[16] H. Arie, J. Namikawa, T. Ogata, J. Tani, and S. Sugano. “Reinforcement learning algorithm with CTRNN in con-tinuous action space,” in Proceedings of Neural Informa-tion Processing, Part 1, Vol. 4232, pp. 387-396, 2006.

[17] R. M. Kretchmar and C. W. Anderson, “Comparison of CMACS and radial basis functions for local function approximators in reinforcement learning,” in International Conference on Neural Networks, pp. 834-837, 1997.

[18] R. Dembo and T. Steihaug, “Truncated-Newton algorithms for large-scale unconstrained optimization,” Mathematical Programming, Vol. 26, pp.190-212, 1983.

[19] R. S. Sutton, “Learning to predict by the methods of temporal differences,” Machine Learning, Vol. 3, pp. 9-44, 1988.

[1] J. A. Boyan and A. W. Moore, “Generalization in rein-forcement learning: Safely approximating the value function,” in Advances in Neural Information Processing Systems 7, The MIT Press, pp. 369-376, 1995.

[2] R. S. Sutton, “Generalization in reinforcement learning: Successful examples using sparse coarse coding,” in Advances in Neural Information Processing Systems, edited by David S. Touretzky, Michael C. Mozer, and Michael E. Hasselmo, The MIT Press, Vol. 8, pp. 1038-1044, 1996.

[3] W. D. Smart and L. P. Kaelbling, “Practical reinforce-ment learning in continuous spaces,” in ICML’00: Proceedings of the Seventeenth International Conference on Machine Learning, Morgan Kaufmann Publishers Inc., pp. 903-910, 2000.

[4] M. G. Lagoudakis, R. Parr, and M. L. Littman, “Least- squares methods in reinforcement learning for control,” in Proceedings of Methods and Applications of Artificial Intelligence: Second Hellenic Conference on AI, SETN 2002, Thessaloniki, Greece, Springer, pp. 752-752, April 11-12, 2002.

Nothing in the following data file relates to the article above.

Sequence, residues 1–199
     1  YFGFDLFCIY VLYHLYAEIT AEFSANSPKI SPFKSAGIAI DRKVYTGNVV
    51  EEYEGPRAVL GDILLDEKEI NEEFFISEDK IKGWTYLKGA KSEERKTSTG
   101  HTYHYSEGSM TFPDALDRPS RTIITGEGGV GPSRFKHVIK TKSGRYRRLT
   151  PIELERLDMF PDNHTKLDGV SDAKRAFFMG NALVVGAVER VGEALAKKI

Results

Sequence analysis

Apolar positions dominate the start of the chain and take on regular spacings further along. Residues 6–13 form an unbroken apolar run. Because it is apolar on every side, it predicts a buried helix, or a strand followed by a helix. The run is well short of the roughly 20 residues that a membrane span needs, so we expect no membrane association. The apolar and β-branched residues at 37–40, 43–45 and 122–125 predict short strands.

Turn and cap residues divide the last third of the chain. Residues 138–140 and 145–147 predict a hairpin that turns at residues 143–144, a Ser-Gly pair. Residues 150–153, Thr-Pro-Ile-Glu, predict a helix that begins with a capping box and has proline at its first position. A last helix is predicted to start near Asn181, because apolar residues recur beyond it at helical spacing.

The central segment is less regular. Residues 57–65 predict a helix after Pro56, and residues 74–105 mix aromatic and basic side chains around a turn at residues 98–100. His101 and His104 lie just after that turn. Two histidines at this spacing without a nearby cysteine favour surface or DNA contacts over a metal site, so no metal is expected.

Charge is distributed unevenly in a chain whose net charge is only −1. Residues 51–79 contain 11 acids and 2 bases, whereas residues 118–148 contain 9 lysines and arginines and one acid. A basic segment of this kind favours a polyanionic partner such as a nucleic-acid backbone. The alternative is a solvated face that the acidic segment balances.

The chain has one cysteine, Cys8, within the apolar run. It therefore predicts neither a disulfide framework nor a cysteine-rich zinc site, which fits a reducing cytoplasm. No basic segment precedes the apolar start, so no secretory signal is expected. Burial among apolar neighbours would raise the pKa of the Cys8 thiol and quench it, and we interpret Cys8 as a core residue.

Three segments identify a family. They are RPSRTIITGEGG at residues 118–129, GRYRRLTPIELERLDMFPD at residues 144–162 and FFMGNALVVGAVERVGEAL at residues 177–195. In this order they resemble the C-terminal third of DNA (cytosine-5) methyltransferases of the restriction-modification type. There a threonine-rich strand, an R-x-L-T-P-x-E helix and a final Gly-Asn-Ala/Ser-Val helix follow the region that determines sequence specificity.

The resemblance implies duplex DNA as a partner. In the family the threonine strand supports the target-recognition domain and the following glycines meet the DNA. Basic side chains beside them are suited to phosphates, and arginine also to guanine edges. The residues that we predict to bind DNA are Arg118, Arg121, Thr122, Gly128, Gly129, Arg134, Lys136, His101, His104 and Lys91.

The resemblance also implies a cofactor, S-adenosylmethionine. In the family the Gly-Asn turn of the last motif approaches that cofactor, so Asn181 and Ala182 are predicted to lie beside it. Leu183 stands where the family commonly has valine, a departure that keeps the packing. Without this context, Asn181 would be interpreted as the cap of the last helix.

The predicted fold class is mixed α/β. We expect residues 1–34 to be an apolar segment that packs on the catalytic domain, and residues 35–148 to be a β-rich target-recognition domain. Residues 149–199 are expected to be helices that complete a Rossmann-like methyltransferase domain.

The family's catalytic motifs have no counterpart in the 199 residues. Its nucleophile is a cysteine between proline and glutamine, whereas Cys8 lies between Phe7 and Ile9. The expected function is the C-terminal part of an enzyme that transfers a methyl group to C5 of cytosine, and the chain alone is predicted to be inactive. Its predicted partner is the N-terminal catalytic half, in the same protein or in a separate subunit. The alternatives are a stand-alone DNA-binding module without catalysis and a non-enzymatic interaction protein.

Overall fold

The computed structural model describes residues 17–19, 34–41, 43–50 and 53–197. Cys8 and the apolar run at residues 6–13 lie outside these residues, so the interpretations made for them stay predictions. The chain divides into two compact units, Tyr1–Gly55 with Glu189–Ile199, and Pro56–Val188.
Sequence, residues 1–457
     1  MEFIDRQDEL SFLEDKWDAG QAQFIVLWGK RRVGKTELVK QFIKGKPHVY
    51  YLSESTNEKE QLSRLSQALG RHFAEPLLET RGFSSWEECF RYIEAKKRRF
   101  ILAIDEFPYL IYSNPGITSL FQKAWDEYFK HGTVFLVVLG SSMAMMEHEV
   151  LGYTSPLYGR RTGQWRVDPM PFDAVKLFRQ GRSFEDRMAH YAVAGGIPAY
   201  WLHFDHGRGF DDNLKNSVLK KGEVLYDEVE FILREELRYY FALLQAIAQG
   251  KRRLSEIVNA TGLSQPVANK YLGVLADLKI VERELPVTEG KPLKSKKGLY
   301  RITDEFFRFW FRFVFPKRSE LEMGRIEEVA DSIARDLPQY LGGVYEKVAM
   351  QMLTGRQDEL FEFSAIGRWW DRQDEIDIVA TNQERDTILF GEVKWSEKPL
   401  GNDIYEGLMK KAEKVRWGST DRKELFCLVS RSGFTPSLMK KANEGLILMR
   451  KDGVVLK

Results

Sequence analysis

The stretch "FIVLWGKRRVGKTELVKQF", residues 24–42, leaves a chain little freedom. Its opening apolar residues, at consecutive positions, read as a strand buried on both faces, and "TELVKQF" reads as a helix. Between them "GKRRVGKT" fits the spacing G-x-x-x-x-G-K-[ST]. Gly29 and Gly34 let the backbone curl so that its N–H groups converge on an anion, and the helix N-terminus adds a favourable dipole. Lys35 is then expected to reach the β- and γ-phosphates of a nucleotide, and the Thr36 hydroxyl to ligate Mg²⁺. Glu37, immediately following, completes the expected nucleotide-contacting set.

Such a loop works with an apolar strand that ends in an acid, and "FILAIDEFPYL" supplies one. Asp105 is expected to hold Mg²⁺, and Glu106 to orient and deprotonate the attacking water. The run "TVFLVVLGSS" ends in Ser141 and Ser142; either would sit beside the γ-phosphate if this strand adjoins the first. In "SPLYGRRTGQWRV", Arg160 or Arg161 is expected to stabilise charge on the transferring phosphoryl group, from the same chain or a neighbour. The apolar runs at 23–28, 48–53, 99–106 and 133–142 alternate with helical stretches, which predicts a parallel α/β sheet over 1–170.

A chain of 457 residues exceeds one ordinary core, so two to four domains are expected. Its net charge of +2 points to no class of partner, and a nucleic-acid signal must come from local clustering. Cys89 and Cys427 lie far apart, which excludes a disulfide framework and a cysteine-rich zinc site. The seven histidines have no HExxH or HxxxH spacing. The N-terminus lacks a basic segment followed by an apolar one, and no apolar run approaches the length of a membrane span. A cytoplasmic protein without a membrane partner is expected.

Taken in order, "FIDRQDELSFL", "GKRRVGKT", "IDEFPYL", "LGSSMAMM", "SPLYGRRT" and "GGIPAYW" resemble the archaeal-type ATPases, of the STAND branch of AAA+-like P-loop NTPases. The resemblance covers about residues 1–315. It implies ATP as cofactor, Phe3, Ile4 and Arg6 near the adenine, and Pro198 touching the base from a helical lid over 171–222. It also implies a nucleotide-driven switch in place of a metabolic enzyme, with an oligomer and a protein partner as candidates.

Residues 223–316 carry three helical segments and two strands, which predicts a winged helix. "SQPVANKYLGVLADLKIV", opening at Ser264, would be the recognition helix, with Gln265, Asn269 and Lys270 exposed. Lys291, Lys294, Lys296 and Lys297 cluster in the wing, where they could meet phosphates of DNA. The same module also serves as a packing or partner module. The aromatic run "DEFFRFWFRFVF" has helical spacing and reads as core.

[5] K. Doya, “Reinforcement learning in continuous time and space,” Neural Computation, Vol. 12, pp. 219-245, 2000.

[6] P. Wawrzyński and A. Pacut, “Model-free off-policy reinforcement learning in continuous environment,” in Proceedings of the INNS-IEEE International Joint Conference on Neural Networks, pp. 1091-1096, 2004.

[7] J. Morimoto and K. Doya, “Robust reinforcement learning,” Neural Computation, Vol. 17, pp. 335-359, 2005.

[8] G. Boone, “Efficient reinforcement learning: Model- based acrobot control,” in International Conference on Robotics and Automation, pp. 229-234, 1997.

[9] X. Xu, D. W. Hu, and X. C. Lu, “Kernel-based least squares policy iteration for reinforcement learning,” IEEE Transactions on Neural Networks, Vol. 18, pp. 973-992, 2007.

[10] J. C. Santamaría, R. S. Sutton, and A. Ram, “Experiments with reinforcement learning in problems with continuous state and action spaces,” Adaptive Behavior, Vol. 6, pp. 163-217, 1997.

[11] J. D. R. Millán and C. Torras, “A reinforcement connec-tionist approach to robot path finding in non-maze-like environments,” Machine Learning, Vol. 8, pp. 363-395, 1992.

[12] T. Fukao, T. Sumitomo, N. Ineyama, and N. Adachi, “Q-learning based on regularization theory to treat the continuous states and actions,” in the 1998 IEEE International Joint Conference on Neural Networks Proceedings, IEEE World Congress on Computational Intelligence, Vol. 2, pp. 1057-1062, 1998.

[13] R. S. Sutton and A. G. Barto, “Reinforcement learning: An introduction of adaptive computation and machine learning,” The MIT Press, March 1998.

[14] L. C. Baird and A. H. Klopf, “Reinforcement learning with high-dimensional, continuous actions,” Technical Report, WL-TR-93-1147, Wright-Patterson Air Force Base Ohio: Wright Laboratory, 1993.

[15] J. D. R. Millán, D. Posenato, and E. Dedieu, “Continu-ous-action q-learning,” Machine Learning, Vol. 49, pp. 247-265, 2002.

[16] H. Arie, J. Namikawa, T. Ogata, J. Tani, and S. Sugano. “Reinforcement learning algorithm with CTRNN in con-tinuous action space,” in Proceedings of Neural Informa-tion Processing, Part 1, Vol. 4232, pp. 387-396, 2006.

[17] R. M. Kretchmar and C. W. Anderson, “Comparison of CMACS and radial basis functions for local function approximators in reinforcement learning,” in International Conference on Neural Networks, pp. 834-837, 1997.

[18] R. Dembo and T. Steihaug, “Truncated-Newton algorithms for large-scale unconstrained optimization,” Mathematical Programming, Vol. 26, pp.190-212, 1983.

[19] R. S. Sutton, “Learning to predict by the methods of temporal differences,” Machine Learning, Vol. 3, pp. 9-44, 1988.